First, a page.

The decision was appealed by the French company. The combination of the initial negation ‘No’ with the adjective ‘secco’ (= “dry” in Italian language) would have the meaning of a witty indication for a beverage which is not dry and therefore sweet. The starting point of the argument was that knowledge of the Italian term ‘secco’ could be taken for granted, even by an English-speaking public. If anything, the imaginative creation “No secco” would be considered as a legitimate parody of the term Prosecco. The play on words could therefore also be interpreted as a “no” to “prosecco”, an interpretation that would distance the consumer from the protected term. To describe this argument the appellant had used the suggestive term “teach away”, and thus the expression known in the patent field to highlight the irreconcilable conceptual distance and different direction between two ideas. The mentioning that there would be “many reasons why people choose non-alcoholic beverages, including reasons of religion, health, low calorie requirements, legitimate participation in motorized traffic”, the French appellant had also implicitly suggested the possible relevance of fundamental rights to the present case. Moreover, according to the appellant, the decision of rejection was unjustifiably based on a “presumed consumer perception” since it was not considered necessary to have concrete evidence of the latter.

The decision of the High Court of Justice of England and Wales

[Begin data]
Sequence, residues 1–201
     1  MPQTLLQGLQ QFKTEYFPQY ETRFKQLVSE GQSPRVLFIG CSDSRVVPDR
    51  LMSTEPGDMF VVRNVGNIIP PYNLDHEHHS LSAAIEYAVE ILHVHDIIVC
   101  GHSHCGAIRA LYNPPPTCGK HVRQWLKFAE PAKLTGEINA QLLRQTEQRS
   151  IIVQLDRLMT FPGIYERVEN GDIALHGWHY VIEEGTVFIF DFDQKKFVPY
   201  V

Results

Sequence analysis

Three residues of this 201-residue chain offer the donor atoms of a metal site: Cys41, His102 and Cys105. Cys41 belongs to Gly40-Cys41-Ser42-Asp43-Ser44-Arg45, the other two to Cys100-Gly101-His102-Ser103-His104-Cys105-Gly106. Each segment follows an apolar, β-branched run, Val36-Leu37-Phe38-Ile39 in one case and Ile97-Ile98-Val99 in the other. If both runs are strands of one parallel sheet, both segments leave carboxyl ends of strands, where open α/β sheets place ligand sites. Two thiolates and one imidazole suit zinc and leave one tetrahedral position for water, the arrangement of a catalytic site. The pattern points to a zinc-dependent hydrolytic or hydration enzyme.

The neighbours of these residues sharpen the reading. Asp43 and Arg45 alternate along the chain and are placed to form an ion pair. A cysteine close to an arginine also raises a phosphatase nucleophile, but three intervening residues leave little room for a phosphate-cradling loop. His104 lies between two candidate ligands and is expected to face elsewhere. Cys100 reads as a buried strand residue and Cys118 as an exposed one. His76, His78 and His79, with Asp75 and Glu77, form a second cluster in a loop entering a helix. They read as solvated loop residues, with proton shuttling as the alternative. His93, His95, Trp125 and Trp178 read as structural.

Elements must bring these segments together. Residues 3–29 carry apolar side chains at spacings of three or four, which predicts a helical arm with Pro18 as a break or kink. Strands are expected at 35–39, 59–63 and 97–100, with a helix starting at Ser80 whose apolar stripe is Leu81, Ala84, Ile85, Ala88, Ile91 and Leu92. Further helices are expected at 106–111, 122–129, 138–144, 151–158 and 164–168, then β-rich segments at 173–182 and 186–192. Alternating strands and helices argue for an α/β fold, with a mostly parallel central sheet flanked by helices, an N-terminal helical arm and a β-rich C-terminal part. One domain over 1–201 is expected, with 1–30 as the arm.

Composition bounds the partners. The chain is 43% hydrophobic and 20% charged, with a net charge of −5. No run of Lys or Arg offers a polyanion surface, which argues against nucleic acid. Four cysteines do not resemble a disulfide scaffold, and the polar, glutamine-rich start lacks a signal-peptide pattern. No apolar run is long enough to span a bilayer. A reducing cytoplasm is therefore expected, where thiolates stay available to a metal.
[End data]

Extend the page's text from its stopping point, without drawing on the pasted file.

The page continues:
The High Court of Justice of England and Wales rejected the appeal, confirming the previous decision: what matters is not the intention of the creator of the sign but, as correctly observed by the Office, the alleged public perception. The first association of the public, in the case of the sign “Nosecco”, would be the well-known “Prosecco”, while the possible second thought would derive from the denial, namely that it is not a Prosecco and that it is not a dry-tasting drink. There would therefore be no room for the application of a “teach away” doctrine in the field of distinctive signs. It was also reaffirmed that the application of the criterion of “presumed consumer perception”, even without resorting to ex officio technical advice, must be considered to be confirmed by settled case-law of the Court of Justice of the European Union.

From a systematic – conceptual point of view, the decision of the High Court of Justice of England and Wales is not surprising: the text of EU Regulation 1308/2013, which expressly prohibits any “evocation”, has often been applied with severity even in the previous case law of the Court of Justice concerning the conflicts between the signs Cognac / Konjakkia; Gorgonzola / Cambozola or Calvados / Verlados. The application of the criterion of “presumed public perception”, to be determined directly by the Judge, can also be based on established case law. Nevertheless, in order to correctly determine the perception of the public, it will be necessary to observe very carefully changing customs. The present dispute can be framed in a broader context in which it can often be observed how the use of signs for non-traditional food and drink clashes with historical-traditional signs. The ever-increasing demand for new types of food, capable of satisfying increasingly different and diversified demands, sometimes supported by aspects such as religion and health, and on the other hand the possibility of enjoying food from increasingly diverse origins, will inevitably change the type of perception that the consumer will have in relation to the signs used in these areas.

Tankred Thiem